The need to verbally dominate people is a fear driven activity.  It’s a dysfunctional coping method—something you’re doing in order to try and put a patch on a deeper issue.  The problem with dysfunctional coping methods is that they don’t work, which is why you have to keep using them over and over again.  It’s rather like putting a bandage over an infected gash on your arm.  The sight of the gash greatly upsets you, so you hide it with a bandage.  Simply having the thing hidden from sight brings you a very real degree of relief, so it feels like a good idea.  But at the same time, you know that your wound is infected, and you know that the infection is only going to worsen over time, so your internal stress load continues to grow even though you’re now walking around with the bandage.  The bandage isn’t really bringing you the relief that you need, but the longer you wear it, the more afraid you are of taking it off and seeing how much worse things have become. This is the vicious cycle people get trapped in once they start using dysfunctional coping methods.  The coping methods give them a way to not have to directly face their core emotional wounds.  Yet those wounds still exist, and the longer they go untreated, the worse they become.  To keep yourself distracted from that gnawing feeling that your underlying issues are growing worse, you have to spend more and more resources on coping methods that don’t really work.  It’s a very frustrating cycle, and one that is guaranteed to end in immense frustration and emotional burnout.  The good news is that you have choices.  You don’t have to remain enslaved by your coping methods.  You can choose to take that bandage off and start treating the underlying wound, at which point you’re going to discover things are far more solvable than you thought.

Life really isn’t some scary, dangerous, cruel monster that is just waiting to rip us apart. When we’ve been very wounded in the past, it’s easy to feel this way, because the very fact of being wounded skews our view of reality.  Take the woman who is terrified of water.  When she looks at a pool, she sees one option: she can drown.  She has accepted the premise that if she steps into that liquid, she’ll be doomed to relive the same sequence of events that happened to her the last time she was in a pool.  Now as long as our woman believes that drowning is her only option, she’s naturally going to avoid that water at all costs.  But suppose she starts having new options given to her?  What if we give her a set of floats and a life jacket and a paddle board? There are a lot of things our woman can do to prevent herself from sinking, and once she realizes this, she will start to feel less threatened by the pool.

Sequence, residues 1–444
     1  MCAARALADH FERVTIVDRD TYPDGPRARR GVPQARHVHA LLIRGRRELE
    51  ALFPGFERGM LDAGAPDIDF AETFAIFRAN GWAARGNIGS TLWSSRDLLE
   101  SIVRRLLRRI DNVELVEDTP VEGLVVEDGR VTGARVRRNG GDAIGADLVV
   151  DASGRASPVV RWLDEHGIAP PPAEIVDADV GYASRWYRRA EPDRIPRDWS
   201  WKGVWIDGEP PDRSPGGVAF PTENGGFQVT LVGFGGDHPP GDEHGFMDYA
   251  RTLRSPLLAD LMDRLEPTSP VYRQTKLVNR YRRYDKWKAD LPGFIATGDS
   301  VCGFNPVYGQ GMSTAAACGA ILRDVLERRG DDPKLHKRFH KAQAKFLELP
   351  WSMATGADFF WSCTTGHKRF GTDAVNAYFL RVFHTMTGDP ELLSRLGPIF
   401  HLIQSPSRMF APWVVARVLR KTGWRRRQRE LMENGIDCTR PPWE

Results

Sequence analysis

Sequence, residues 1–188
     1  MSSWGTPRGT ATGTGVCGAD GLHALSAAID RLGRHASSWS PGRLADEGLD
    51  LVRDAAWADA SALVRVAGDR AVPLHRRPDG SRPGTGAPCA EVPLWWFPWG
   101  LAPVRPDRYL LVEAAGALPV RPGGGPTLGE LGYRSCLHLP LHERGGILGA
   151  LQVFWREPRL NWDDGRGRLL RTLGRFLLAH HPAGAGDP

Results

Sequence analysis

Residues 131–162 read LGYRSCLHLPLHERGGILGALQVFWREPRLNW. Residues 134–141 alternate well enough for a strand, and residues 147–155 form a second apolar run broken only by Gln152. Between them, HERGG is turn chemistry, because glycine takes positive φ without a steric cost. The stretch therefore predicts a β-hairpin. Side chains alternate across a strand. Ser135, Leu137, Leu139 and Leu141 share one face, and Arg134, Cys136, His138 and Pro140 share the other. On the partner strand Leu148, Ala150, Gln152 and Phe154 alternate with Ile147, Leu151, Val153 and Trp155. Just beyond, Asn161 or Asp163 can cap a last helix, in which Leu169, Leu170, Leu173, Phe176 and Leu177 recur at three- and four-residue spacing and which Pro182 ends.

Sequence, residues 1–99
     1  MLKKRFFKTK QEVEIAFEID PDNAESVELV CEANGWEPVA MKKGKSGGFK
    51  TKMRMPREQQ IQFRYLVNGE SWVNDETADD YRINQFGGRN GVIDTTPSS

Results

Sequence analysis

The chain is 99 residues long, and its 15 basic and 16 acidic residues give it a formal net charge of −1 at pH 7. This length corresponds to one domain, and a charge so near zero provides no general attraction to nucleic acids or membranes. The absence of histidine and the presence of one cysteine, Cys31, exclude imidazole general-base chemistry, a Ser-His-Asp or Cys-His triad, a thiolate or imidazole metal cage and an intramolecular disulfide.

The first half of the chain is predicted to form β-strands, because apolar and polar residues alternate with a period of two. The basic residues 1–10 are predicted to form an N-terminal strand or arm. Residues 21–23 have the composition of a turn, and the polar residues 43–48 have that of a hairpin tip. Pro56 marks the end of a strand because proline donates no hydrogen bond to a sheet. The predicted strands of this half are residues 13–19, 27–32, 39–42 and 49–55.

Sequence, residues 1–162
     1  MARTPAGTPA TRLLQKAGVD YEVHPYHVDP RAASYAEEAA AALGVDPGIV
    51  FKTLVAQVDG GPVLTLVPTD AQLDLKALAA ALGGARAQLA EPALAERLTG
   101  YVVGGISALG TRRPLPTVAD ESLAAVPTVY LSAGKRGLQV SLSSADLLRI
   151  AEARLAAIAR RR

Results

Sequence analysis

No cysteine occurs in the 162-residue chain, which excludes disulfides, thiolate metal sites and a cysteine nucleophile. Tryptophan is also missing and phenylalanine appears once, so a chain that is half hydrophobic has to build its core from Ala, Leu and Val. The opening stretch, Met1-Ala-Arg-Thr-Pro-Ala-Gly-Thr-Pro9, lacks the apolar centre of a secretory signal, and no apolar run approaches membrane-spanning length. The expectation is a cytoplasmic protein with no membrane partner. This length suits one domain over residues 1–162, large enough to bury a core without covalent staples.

So what do you learn about yourself by realizing that you argue with people in order to gain a sense of supremacy over them?  You learn that you feel pretty powerless on a core level.  Consider how aggressive your style is: how you are constantly searching out opportunities to verbally conquer someone.  You’re acting like a man who is desperately rifling through every cabinet in his kitchen, looking for something he can eat.  A man who behaves this way demonstrates how intense his hunger is.  He’s not someone who can take or leave a candy bar.  If we offer such a man food, he’ll instantly devour it and then want some more.  In the same way, we can see how powerless you feel by watching the way you leap upon every opportunity to seize power.  You bust into conversations uninvited, just to verbally sock it to someone and see them fall.  You get off on people looking flush faced and stupefied by your brilliant comebacks. You love the feeling of shutting someone down.  You don’t care at all about the feelings you’re damaging—you want the power.  When people don’t like the abuse you’re dishing out, you tell yourself that their hostility just proves what idiots they all are.  You interpret their attempts to draw boundaries as a sign of weakness. Anyone who runs from you is a coward in your book.  You can’t see yourself as the jerk, because you need to like yourself.  You’ve got to be the superstar, the guy who has it all figured out, the top dog.  Of course if your self-image wasn’t so fragile, it wouldn’t need constant propping up.  If you weren’t so frightened by your own vulnerability, you wouldn’t have to be putting all of this effort into maintaining this pretense of confidence.  And if you weren’t so threatened by someone criticizing you, you’d be able to let someone come close to you and actually start gathering friends.  But as it is, people so intensely threaten you that you are keeping them at a distance you feel comfortable with.  Then you compensate for your loneliness by going around blasting random strangers in order to try and convince yourself that you’re not as weak as you know you are.  So is your bluff working?  No.  We humans know when we’re lying to ourselves.